Californians have finally put the Proposition 60 debate to rest. The bill, had it been passed, would have allowed the California Occupational Safety and Health Administration to take legal action against pornographic films that didn't visibly use condoms.

Proposition 60 would have allowed any California resident to sue porn actors and directors and access their contact information. The bill raised concerns over the possibility of frivolous law suits and safety of performers, and had been protested by the adult film industry, with many porn sites blocking access to users in California till the bill was shot down.

Free Speech Coalition chief executive Diane Duke said: “If the proposed initiative were to pass, adult performers would immediately be targeted by stalkers and profiteers, who would use the initiatives' sue-a-performer provision to harass and extort adult performers. This is an unconscionable initiative that would take a legal and safe industry and push its performers into the shadows.”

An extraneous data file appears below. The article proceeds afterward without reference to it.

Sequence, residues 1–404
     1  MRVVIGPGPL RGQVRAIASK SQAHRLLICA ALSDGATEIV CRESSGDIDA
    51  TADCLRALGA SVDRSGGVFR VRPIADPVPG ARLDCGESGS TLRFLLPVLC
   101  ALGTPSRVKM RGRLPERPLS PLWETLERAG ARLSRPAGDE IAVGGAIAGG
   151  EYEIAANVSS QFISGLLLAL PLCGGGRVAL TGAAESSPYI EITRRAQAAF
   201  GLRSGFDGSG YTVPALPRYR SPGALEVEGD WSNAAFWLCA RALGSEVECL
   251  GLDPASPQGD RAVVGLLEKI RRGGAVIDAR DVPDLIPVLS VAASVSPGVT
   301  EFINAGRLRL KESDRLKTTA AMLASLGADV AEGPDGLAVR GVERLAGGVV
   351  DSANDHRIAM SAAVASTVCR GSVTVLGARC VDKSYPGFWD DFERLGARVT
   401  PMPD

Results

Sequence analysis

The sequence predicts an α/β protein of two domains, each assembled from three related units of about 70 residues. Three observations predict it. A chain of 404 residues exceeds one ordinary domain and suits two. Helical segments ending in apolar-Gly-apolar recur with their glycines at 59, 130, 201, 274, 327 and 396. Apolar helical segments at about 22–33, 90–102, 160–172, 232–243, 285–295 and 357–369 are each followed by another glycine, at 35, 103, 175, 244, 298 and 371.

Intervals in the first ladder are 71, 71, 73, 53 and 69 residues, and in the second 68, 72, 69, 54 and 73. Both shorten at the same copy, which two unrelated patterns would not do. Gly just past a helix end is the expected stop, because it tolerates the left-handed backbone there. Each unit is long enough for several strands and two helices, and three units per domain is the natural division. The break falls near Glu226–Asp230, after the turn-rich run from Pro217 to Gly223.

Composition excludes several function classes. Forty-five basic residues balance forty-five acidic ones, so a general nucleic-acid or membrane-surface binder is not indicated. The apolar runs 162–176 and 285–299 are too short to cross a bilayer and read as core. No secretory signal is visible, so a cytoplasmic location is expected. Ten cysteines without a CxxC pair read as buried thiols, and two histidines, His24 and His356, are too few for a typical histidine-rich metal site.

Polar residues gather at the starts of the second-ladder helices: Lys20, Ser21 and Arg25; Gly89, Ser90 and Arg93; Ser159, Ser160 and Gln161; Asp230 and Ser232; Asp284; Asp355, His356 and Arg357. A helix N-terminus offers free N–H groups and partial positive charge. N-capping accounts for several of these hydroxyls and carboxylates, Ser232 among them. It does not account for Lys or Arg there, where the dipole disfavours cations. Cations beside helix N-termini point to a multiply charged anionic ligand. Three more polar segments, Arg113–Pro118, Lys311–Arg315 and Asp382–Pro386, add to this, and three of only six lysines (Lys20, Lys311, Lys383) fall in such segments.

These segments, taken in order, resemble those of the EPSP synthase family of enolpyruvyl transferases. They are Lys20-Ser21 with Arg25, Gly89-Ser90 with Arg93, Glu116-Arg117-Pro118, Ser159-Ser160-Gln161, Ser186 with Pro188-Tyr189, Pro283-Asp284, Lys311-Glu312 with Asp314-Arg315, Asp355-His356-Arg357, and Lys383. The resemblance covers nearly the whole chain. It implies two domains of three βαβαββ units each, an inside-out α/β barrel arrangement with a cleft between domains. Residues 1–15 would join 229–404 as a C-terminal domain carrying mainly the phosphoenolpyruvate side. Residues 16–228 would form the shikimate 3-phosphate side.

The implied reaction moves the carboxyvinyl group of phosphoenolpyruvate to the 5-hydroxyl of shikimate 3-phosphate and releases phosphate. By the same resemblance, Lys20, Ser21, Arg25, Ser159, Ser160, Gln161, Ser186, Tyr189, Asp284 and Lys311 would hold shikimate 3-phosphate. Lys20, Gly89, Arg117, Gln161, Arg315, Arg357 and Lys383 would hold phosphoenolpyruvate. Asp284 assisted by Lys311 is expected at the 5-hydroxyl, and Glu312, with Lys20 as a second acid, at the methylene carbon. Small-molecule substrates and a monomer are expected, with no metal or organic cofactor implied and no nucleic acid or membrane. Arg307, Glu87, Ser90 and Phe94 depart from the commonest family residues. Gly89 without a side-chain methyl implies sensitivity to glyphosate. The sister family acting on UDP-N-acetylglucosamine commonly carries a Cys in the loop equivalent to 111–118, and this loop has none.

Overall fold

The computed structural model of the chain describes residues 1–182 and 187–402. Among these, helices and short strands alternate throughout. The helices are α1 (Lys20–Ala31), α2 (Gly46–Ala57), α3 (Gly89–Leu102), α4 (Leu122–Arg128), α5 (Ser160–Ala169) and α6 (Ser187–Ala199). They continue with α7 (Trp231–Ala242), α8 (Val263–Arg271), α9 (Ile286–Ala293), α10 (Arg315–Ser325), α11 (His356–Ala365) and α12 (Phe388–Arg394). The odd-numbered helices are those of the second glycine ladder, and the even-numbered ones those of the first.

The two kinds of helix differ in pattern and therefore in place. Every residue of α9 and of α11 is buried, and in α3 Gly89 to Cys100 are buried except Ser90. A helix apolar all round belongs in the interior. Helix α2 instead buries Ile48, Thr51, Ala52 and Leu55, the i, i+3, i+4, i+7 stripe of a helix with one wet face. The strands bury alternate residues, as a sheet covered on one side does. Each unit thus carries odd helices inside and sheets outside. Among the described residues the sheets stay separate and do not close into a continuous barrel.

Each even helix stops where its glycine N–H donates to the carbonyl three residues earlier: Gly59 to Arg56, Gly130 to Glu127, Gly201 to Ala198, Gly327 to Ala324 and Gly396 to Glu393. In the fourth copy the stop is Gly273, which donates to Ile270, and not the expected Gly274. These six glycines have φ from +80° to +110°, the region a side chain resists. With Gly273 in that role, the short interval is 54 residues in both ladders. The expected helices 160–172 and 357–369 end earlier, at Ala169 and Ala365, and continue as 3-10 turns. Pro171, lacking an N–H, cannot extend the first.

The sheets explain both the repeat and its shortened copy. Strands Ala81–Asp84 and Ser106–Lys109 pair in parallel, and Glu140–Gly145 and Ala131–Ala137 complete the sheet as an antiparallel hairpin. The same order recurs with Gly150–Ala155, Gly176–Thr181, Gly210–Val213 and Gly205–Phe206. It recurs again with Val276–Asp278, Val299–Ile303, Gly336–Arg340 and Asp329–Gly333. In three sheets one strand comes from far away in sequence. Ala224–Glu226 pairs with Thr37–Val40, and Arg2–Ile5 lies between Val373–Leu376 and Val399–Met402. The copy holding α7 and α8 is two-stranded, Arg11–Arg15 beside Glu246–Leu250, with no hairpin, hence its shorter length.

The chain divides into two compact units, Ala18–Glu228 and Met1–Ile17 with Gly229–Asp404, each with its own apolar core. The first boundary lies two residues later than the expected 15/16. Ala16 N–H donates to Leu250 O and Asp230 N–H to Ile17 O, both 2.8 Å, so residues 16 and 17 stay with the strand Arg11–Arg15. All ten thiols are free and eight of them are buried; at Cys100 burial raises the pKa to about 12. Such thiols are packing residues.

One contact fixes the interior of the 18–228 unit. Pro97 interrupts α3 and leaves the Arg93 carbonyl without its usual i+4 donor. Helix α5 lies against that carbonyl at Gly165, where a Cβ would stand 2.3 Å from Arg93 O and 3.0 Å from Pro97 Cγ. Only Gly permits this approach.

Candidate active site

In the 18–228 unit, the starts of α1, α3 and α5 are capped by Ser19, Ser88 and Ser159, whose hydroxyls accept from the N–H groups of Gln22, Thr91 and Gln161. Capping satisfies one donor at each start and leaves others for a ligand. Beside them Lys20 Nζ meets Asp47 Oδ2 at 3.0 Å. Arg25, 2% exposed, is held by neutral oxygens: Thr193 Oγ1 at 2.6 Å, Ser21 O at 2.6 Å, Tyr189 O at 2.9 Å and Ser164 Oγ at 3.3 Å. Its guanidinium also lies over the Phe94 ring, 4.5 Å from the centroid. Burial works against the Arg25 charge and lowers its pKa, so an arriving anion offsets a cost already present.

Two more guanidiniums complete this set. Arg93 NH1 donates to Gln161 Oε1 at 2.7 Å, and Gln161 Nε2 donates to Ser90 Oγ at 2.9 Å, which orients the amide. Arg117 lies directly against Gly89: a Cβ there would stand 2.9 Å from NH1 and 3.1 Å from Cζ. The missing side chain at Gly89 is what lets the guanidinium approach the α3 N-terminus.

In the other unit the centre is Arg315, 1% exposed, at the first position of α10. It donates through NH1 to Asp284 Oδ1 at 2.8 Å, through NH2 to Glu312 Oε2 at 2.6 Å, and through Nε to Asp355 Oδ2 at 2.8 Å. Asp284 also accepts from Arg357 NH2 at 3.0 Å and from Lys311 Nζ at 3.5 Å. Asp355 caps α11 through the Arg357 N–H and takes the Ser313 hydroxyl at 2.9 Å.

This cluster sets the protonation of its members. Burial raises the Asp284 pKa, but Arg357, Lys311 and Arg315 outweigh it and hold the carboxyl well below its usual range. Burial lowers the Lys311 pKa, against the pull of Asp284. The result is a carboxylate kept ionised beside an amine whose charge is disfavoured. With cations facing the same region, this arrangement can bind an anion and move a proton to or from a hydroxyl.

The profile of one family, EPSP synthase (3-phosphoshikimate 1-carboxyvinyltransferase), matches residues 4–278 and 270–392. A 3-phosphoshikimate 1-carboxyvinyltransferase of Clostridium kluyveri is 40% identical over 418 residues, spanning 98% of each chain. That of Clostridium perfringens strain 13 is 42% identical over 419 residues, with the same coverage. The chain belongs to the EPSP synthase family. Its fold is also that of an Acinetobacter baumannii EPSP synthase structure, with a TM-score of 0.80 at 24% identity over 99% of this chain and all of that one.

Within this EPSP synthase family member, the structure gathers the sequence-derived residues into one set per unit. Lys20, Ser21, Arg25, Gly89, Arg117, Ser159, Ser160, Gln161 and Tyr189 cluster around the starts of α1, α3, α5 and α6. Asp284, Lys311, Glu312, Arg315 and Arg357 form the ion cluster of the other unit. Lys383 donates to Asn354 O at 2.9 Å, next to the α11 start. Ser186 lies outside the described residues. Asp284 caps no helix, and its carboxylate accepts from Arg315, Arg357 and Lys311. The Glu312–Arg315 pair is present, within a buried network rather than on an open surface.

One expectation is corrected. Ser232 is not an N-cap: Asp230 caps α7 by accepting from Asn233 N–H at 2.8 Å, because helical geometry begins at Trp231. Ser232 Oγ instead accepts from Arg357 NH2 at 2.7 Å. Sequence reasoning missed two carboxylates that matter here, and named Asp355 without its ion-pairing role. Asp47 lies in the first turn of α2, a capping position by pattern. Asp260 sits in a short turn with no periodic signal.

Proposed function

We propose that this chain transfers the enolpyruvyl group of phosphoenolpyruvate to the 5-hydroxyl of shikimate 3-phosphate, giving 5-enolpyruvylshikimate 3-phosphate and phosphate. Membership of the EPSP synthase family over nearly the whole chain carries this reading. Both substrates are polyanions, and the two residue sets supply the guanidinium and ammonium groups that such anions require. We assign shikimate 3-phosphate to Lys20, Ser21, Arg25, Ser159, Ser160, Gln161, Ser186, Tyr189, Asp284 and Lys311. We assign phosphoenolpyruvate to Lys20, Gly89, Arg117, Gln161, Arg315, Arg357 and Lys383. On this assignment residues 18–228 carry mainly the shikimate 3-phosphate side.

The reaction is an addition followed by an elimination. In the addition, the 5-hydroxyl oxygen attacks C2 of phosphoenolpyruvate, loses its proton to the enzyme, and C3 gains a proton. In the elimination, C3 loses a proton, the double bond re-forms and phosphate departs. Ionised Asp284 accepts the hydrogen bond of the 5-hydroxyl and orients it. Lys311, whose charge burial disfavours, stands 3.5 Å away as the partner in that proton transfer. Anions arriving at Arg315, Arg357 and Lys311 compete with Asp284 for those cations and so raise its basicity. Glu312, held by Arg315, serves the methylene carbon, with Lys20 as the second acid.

Of the 86 percent votes counted at the time of writing, the ballot measure was trailing 54 percent against the motion.

The proposition was introduced and backed by Michael Weinstein, founder of the AIDS Healthcare Foundation, who the New York Times called “the most hated man in the AIDS business” in November 2015. The bill was mired in more controversy when the San Jose Mercury News claimed the pro-Proposition 60 commercials were lying about the privacy impact of the bill.

California laws already require adherence for the industry to a sexual wellness program, which requires actors to pass HIV and STD tests every 14 days.